Avian Wing Bones
- Author(s): Kiang, James Huai;
- et al.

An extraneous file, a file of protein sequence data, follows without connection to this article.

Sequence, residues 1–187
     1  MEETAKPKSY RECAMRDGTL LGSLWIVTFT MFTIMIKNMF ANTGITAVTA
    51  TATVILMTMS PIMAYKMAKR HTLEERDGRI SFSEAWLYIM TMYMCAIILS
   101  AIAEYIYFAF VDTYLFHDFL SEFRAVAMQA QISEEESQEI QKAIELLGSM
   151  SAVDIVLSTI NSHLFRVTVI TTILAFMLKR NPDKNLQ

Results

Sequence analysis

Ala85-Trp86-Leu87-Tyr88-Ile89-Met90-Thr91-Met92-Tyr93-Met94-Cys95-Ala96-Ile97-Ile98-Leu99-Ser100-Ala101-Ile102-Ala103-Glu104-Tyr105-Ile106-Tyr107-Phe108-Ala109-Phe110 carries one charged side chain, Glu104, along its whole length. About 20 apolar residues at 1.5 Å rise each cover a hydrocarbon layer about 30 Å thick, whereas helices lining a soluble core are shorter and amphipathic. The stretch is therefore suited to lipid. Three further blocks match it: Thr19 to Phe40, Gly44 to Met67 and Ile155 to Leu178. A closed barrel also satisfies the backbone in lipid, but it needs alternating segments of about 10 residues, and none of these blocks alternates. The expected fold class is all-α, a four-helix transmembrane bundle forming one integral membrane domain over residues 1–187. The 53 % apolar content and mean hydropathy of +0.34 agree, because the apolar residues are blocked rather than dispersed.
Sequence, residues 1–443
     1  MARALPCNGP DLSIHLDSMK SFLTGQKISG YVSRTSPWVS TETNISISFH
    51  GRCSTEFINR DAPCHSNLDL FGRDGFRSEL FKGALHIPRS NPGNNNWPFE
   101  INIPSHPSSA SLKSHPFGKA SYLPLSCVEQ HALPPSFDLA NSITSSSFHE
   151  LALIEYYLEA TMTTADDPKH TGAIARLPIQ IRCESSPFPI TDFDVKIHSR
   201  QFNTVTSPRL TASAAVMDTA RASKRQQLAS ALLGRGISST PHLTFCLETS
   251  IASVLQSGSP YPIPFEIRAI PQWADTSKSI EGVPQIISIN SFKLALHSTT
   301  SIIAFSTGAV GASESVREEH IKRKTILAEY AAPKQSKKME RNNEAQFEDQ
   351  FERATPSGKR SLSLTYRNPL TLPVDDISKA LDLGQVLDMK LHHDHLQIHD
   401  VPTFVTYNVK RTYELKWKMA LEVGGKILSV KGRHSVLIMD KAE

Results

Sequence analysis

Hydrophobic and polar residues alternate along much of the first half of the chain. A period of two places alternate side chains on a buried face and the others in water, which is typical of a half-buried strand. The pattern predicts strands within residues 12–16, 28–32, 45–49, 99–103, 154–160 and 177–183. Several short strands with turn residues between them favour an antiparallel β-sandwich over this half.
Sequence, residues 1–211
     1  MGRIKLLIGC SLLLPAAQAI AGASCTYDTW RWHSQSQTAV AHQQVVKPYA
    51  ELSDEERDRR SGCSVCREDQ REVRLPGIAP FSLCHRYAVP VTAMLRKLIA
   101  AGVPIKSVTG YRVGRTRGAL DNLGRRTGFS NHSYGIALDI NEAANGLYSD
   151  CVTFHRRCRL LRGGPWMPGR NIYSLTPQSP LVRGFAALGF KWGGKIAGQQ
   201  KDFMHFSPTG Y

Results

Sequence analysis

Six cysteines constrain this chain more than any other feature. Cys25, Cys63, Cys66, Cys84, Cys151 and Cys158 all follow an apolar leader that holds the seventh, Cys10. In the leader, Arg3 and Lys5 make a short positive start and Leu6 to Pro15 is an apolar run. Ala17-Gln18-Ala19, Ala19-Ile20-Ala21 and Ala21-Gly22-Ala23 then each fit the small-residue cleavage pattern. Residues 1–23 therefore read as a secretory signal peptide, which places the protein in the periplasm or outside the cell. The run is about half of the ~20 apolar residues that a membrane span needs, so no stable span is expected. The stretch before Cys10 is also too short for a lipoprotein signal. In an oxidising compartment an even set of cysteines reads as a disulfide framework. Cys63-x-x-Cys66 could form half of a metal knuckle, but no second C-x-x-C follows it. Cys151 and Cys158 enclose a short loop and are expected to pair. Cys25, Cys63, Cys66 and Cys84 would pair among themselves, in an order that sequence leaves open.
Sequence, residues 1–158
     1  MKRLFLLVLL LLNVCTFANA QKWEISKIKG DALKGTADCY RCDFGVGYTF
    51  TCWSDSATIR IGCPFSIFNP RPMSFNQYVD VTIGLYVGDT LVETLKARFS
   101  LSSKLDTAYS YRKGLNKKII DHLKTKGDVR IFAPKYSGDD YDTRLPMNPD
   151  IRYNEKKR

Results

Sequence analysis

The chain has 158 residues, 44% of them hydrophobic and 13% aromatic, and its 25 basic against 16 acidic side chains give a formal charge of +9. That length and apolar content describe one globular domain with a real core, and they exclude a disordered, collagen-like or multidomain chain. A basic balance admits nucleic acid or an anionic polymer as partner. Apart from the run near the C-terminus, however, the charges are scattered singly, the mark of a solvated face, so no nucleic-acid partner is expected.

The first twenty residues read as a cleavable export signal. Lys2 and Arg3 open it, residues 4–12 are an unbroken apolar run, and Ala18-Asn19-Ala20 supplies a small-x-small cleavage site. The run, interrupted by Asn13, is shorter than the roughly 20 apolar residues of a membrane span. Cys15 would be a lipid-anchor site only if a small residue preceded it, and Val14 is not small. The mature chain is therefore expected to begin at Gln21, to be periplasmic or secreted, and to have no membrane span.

Nearly all species of modern birds are capable of flight; therefore mechanical competency of appendages and the rigidity of their skeletal system must be optimized. Birds have developed extremely lightweight skeletal systems that help aid in the generation of lift and thrust forces as well as helping them maintain flight over a long period of time. The wing bones of different species of birds, the California Gull, Pekin Duck, Turkey Vulture, and Common Raven have been analyzed. The structures found within these bones vary from species to species depending on how a particular species utilizes its wings. The California Gull and Turkey Vulture both exhibited struts and/or ridges within their wing bones while the wing bones of the Common Raven were complete hollow. In addition, from optical and Scanning Electron Microscope observation, the wing bones contain similar micro-structure to those of other mammalian long bones. These micro-structures are arranged in osteons located in the compact region of the whole bone. Mineral content analysis was done on the wing bones of each species studied and the data showed that the mineral content in all species studied, except for the Pekin Duck, were similar to the mineral content found in bovine long bone Furthermore, looking at the hardness testing data for the gull, vulture, and raven, and comparing it with the flying habits and size of these birds, it can be seen that the struts and ridges may be playing a role in helping to reinforce the gull and vulture wing bones. This work is funded by the NSF, Ceramics Program Grant 1006931